Never too old to work: managing an age diverse workforce

Date15 April 2020
Published date15 April 2020
AuthorSteve Butler
Never too old to work: managing an age
diverse workforce
Steve Butler
Purpose Setting the scene of a workforce that is livingand working longer. Changing demographics
are goingto have a huge impact on the workplace andbusinesses need to get ahead of the curve.
Design/methodology/approach Age stereotyping is one of thebiggest issues faced by companies
today. Companies need to focus on recruiting and retaining people based on their ability and
capabilities,not their age.
Findings In an intergenerationalteam, the team members are not artificiallydefined or divided by age;
it is their talent that is important.Employers must recognize the unique skillsand experiences each team
Originality/value The expectation of flexibility among younger employees is now ingrained. If
businesseswant to recruit and retain younger workers,they must embrace this way of working. Flexibility
is just as important for older workers, especially those with caring responsibilities (children or elderly
parents.)Employers need to adapt their benefits packageto appeal to all.
Keywords Age discrimination, Older workers, Flexible working, Age diversity
Paper type Viewpoint
The changing workplace
There is no question that our workforce is ageing. That reflects the population as a whole:
life expectancy has moved up markedly in recentdecades. In 1951, women in England and
Wales could expect (on average) to live to the age of 72 and men to 66. By 2011, women
were living to the age of eighty-three and men to seventy-nine (Office for National Statistics,
We are also working longer. In the UK, 30 per cent of the workforce is already over the age
of fifty, and the number of people between the ages of 65 and 69 who are working doubled
between 2001 and 2014 (Lain and Loretto, 2016). If a growing workforce of over-seventies
sounds far-fetched, according to Office for National Statistics figures (Hall and Williams,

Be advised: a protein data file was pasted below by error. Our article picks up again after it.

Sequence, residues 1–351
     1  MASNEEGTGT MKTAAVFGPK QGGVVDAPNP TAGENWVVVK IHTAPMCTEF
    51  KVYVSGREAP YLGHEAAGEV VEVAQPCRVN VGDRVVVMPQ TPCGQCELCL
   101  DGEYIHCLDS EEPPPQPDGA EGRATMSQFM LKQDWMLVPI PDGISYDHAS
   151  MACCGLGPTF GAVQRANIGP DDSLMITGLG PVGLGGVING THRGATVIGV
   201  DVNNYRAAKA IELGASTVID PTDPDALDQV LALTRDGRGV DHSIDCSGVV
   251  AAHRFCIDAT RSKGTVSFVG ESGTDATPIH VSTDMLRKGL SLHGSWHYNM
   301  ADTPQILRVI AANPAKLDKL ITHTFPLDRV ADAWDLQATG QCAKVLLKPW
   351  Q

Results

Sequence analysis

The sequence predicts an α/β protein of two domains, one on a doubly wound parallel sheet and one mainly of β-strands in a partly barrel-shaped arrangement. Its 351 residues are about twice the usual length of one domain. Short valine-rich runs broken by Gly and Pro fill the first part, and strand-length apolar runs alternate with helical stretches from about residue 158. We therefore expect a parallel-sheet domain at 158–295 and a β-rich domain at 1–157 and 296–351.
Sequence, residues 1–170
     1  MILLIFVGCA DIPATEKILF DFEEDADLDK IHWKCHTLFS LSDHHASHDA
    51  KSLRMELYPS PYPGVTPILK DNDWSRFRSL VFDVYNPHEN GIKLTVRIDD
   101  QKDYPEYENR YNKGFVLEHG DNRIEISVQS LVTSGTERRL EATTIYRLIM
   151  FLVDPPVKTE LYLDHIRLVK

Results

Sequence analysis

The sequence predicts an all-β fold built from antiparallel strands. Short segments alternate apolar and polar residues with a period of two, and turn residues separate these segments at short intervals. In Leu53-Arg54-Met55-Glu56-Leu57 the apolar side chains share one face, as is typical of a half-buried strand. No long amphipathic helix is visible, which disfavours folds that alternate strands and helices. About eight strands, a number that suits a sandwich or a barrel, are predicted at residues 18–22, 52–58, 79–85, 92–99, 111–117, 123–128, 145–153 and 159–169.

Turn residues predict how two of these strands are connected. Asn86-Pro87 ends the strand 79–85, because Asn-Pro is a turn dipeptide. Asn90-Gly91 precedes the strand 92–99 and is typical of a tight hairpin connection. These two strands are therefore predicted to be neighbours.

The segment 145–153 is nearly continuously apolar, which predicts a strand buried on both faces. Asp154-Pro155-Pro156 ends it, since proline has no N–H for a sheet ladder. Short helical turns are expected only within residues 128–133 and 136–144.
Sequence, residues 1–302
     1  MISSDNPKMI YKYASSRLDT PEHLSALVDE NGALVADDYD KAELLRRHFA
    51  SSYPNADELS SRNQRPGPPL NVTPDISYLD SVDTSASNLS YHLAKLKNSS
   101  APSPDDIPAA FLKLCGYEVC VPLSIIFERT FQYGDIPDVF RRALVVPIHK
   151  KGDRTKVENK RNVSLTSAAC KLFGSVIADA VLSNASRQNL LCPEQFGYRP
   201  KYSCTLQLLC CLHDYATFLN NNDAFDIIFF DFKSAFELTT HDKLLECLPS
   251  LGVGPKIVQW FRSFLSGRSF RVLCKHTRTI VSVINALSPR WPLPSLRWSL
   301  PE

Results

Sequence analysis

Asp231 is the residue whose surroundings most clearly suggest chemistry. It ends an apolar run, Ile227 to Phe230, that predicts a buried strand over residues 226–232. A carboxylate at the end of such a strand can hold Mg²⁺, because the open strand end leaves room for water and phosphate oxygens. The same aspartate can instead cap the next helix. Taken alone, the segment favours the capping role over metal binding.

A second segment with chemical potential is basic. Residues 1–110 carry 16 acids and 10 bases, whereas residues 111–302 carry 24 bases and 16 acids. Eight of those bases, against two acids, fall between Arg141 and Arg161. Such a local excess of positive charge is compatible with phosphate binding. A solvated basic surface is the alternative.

2019) nearly one in nine men aged seventyor over are already working full or part time. That
is an increase of 137 per cent over the past tenyears.
All this at a time when the upcoming generation of “worker bees” are starting their careers
later because more are going through higher education (Dearing, 1997). This is a major
shift: as our pre-work lives have extended, so have our working lives. One reason is that
because we are living longer (and enjoying more healthy years of life), we need to fund
longer retirements. But recentstudies suggest other factors are at work as well.
Although life expectancy has increased for people in all age groups, the improvements are
far more marked for those in higher socio-economic groups. That is reflected in working
longevity: employees who are educated to a higher level are more likely to prolong their
working life (Angeloni and Borgonovi,2016). So are those who are healthier (Patrickson and
Ranzijn, 2004) and as companies adapt to this new reality by giving older staff more
Steve Butler is based at the
Punter Southall Aspire,
London, UK.
DOI 10.1108/SHR-03-2020-0020 VOL. 19 NO. 3 2020, pp. 117-122, ©Emerald Publishing Limited, ISSN 1475-4398 jSTRATEGIC HR REVIEW jPAGE 117

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